Eisenhower’s Cath Lab is There to Deliver
The wide variety of health care provided at the “cath” lab includes cardiac diagnostic work and subsequent intervention, peripheral vascular work and emergency (emergency department) intervention — typically at the time a patient is experiencing a heart attack (myocardial infarction).
The cardiac diagnostic work and intervention comprise the bulk of the services and consist most commonly of angiograms — x-rays of blood vessels used to determine if there is abnormal blood flow in those vessels leading to and from the heart.
“Although many of our cardiac angiograms start out as a diagnostic procedure, they frequently transition into an interventional one,” says Lynn Hart, RN, MSN, Administrative Director, Surgical Services, Critical Care, Emergency Department and the Cath Lab. “By the time the patient is referred to the cath lab, there is usually some other testing that’s been done and some sense that there could be a blockage before engaging in a procedure like an angiogram.”
Although angiograms are considered invasive, they are relatively simple procedures that are quite safe. A catheter is inserted into the vessels, usually through the groin and x-ray dye is injected, creating a contrast that makes the vessels visible on the x-ray.
Eisenhower’s Cardiac Catheterization Lab recently made a significant capital investment in equipment and now uses a GEInnova ™ all-digital cardiovascular imaging system, which allows cardiologists to view hard-to-see blood vessels with exceptional clarity even under the most difficult conditions. The system utilizes digital subtraction technology for leg angiograms, which removes the bone and muscle mass, leaving a clear picture of the arteries without all of the extraneous matter, allowing cardiologists to better visualize blockages.
The Eisenhower Cardiac Cath Lab also has some of the most advanced intervention procedures available in cardiac medicine today, among them — stent and balloon angioplasty. Astent is a small, flexible, springlike device that is used to support arterial walls after angioplasty, and can be used to treat artery blockages in the kidney, legs, groin and most commonly, the heart. The stent rides in on a balloon, which is filled with dye to provide visual contrast. Once the stent is in place, the balloon is deflated and removed, leaving the stent behind.
Eisenhower’s Cardiac Catheterization Lab also uses special stents called drug-eluting stents, part of the newest treatment for coronary artery narrowing. Also known as “coated” or “medicated” stents, a drugeluting stent has been coated with a pharmacologic agent (drug) that is known to interfere with the process of restenosis (reblocking). The current data demonstrates that the drug-eluting stents are extremely successful in reducing restenosis.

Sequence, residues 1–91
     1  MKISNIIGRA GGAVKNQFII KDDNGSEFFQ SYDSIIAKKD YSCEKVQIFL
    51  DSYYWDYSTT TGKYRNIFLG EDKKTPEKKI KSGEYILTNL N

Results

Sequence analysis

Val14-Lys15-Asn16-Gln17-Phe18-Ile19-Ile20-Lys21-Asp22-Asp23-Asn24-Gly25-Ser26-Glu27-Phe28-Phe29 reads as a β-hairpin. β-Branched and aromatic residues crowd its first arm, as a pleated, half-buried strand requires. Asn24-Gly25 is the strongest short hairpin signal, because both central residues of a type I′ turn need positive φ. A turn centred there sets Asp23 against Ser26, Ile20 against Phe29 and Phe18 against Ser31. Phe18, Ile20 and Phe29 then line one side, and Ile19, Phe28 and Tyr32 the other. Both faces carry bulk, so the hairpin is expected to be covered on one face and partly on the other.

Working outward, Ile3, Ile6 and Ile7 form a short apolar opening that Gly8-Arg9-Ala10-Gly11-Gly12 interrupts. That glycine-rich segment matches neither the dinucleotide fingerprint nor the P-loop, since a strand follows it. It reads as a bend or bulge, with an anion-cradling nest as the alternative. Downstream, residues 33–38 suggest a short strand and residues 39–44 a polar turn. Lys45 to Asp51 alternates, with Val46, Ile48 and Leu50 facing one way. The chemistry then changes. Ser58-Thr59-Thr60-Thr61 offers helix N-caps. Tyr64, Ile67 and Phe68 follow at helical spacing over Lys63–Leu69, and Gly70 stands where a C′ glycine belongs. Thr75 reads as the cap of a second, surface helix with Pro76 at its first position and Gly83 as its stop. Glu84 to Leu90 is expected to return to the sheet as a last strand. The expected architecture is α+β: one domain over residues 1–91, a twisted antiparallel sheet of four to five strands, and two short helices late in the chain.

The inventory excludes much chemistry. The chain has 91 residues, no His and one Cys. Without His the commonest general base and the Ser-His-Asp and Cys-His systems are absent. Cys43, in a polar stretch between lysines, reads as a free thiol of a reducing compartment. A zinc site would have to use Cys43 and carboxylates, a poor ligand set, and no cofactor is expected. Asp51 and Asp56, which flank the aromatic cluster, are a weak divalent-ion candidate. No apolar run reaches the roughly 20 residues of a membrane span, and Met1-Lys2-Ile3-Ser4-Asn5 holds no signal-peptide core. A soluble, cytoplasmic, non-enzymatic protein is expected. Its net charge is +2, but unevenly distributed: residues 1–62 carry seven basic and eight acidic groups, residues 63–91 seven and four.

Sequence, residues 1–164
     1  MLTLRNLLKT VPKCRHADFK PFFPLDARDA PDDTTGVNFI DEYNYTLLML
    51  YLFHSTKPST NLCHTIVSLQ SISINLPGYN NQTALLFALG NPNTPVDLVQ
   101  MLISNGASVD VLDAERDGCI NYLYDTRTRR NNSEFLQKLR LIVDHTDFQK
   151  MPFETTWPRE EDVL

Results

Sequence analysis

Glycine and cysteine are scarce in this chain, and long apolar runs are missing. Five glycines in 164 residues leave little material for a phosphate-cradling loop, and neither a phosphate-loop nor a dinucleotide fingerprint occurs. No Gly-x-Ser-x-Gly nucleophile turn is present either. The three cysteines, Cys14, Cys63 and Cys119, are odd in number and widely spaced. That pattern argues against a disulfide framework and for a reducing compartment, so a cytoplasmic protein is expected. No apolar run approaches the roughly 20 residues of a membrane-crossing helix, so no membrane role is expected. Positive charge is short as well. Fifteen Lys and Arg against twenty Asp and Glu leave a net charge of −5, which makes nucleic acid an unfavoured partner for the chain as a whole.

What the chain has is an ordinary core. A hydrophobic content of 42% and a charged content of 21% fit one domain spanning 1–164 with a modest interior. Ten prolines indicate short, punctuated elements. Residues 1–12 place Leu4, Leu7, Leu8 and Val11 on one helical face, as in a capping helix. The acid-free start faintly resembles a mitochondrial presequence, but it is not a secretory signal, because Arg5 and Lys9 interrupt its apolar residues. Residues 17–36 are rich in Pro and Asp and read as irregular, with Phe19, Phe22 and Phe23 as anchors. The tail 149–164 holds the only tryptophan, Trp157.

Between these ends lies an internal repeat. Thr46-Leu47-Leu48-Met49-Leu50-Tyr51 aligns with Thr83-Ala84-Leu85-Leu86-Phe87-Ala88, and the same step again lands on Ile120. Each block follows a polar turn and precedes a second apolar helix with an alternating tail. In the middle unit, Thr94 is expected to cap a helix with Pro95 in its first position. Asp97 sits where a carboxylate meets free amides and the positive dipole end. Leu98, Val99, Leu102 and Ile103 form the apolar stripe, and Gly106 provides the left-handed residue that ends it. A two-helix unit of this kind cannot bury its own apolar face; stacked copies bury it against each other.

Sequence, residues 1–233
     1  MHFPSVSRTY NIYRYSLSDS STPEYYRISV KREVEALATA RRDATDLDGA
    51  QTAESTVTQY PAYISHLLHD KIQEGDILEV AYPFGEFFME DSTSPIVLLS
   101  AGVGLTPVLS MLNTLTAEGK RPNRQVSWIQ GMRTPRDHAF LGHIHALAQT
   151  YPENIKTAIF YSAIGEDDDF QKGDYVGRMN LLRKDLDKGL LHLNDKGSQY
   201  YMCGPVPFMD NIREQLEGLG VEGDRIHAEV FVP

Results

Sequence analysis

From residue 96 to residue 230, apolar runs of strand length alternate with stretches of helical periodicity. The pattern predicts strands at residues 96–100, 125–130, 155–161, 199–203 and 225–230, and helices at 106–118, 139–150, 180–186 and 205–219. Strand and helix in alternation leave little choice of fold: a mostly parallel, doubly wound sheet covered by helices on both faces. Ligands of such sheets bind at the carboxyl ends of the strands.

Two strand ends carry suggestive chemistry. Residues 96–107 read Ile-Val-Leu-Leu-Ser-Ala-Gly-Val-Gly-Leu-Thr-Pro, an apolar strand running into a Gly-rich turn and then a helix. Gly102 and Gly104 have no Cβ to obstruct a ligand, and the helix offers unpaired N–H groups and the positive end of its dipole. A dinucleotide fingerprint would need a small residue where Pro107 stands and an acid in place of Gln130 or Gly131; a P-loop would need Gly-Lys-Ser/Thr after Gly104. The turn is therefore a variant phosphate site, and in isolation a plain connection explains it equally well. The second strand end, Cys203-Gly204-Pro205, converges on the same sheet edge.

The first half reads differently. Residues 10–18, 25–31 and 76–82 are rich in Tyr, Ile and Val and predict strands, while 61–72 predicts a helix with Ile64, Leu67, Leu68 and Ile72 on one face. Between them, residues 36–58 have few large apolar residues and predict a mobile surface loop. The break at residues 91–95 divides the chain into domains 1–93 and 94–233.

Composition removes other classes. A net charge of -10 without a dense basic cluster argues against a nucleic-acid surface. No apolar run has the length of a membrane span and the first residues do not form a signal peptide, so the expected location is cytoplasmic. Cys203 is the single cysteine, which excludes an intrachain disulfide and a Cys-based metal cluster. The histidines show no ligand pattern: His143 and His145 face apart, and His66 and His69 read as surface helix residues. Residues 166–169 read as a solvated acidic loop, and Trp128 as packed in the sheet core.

“The restenosis rate has dropped from over 20 percent to less than five percent nationwide since incorporating the drug-eluting stents,” Hart says. “These are having a dramatic impact on patient care.”
Approximately 2,400 patients come through the Eisenhower Cardiac Catheterization Lab each year, with more than 1,200 of them receiving some kind of interventional or emergency procedures.
During a heart attack, just how much difference does a minute make? “Time is muscle!” says Lynn Hart, RN, MSN, Administrative Director, Surgical Services, Critical Care, Emergency Department and Cardiac Catheterization Lab. “And, unfortunately, heart attacks tend not to wait for anyone.”
Minutes matter, and that’s why the dedicated and highly skilled team of registered nurses (RNs), lab technicians and cardiologist are available 24-hours-a-day, seven-days-a-week, including holidays. The team, which consists of five RNs and five Radiology Technologists (RTs), are all required to live within close proximity of the hospital, and work collaboratively with the emergency department to ensure critical diagnostic and interventional procedures are delivered in a timely manner, thus markedly improving patient outcomes.
Since the mid-to-late 1990s, the cath lab has improved patient outcomes so much so that they consistently reach their average “door-to-open vessel target” of 90 to 100 minutes, meaning that only approximately one-and-one-half hours elapse between the time a heart attack patient comes through the door of the lab or emergency department, to the time they are on the surgical table receiving life-saving treatment.
“It can be very challenging getting a call at three a.m. just when you’ve finished up a shift,” says Steve Jones, Certified Radiology Technologist. “But then you’re in your car heading over here, and once you’re here, you see the gratitude in the patient’s eyes — it’s very, very rewarding. There aren’t too many places in the hospital where you can say definitively that you saved a life.”